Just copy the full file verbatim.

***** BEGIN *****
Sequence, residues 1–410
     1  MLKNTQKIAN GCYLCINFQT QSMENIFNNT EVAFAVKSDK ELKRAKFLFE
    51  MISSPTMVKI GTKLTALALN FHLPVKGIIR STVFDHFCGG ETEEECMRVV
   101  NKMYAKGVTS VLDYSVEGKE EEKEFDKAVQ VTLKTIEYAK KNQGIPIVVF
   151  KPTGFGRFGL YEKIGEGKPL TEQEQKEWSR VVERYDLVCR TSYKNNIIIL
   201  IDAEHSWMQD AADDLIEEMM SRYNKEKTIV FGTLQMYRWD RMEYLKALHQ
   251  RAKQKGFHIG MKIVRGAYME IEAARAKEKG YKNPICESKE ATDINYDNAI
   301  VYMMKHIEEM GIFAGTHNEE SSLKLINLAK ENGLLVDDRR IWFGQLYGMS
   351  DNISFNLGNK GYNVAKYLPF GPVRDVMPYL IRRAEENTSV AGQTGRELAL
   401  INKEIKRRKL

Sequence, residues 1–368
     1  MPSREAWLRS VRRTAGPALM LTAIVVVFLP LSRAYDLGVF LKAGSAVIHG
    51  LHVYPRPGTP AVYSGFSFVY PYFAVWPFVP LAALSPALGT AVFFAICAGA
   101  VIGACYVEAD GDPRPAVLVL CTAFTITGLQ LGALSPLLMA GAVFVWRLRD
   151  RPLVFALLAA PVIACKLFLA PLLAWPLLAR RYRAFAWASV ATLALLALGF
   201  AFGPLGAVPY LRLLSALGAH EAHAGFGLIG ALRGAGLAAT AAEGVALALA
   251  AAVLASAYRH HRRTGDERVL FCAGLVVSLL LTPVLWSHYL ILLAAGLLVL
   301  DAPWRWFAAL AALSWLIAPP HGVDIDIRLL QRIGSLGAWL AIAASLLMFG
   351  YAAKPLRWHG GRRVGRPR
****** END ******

Sequence, residues 1–410
     1  MLKNTQKIAN GCYLCINFQT QSMENIFNNT EVAFAVKSDK ELKRAKFLFE
    51  MISSPTMVKI GTKLTALALN FHLPVKGIIR STVFDHFCGG ETEEECMRVV
   101  NKMYAKGVTS VLDYSVEGKE EEKEFDKAVQ VTLKTIEYAK KNQGIPIVVF
   151  KPTGFGRFGL YEKIGEGKPL TEQEQKEWSR VVERYDLVCR TSYKNNIIIL
   201  IDAEHSWMQD AADDLIEEMM SRYNKEKTIV FGTLQMYRWD RMEYLKALHQ
   251  RAKQKGFHIG MKIVRGAYME IEAARAKEKG YKNPICESKE ATDINYDNAI
   301  VYMMKHIEEM GIFAGTHNEE SSLKLINLAK ENGLLVDDRR IWFGQLYGMS
   351  DNISFNLGNK GYNVAKYLPF GPVRDVMPYL IRRAEENTSV AGQTGRELAL
   401  INKEIKRRKL

Sequence, residues 1–368
     1  MPSREAWLRS VRRTAGPALM LTAIVVVFLP LSRAYDLGVF LKAGSAVIHG
    51  LHVYPRPGTP AVYSGFSFVY PYFAVWPFVP LAALSPALGT AVFFAICAGA
   101  VIGACYVEAD GDPRPAVLVL CTAFTITGLQ LGALSPLLMA GAVFVWRLRD
   151  RPLVFALLAA PVIACKLFLA PLLAWPLLAR RYRAFAWASV ATLALLALGF
   201  AFGPLGAVPY LRLLSALGAH EAHAGFGLIG ALRGAGLAAT AAEGVALALA
   251  AAVLASAYRH HRRTGDERVL FCAGLVVSLL LTPVLWSHYL ILLAAGLLVL
   301  DAPWRWFAAL AALSWLIAPP HGVDIDIRLL QRIGSLGAWL AIAASLLMFG
   351  YAAKPLRWHG GRRVGRPR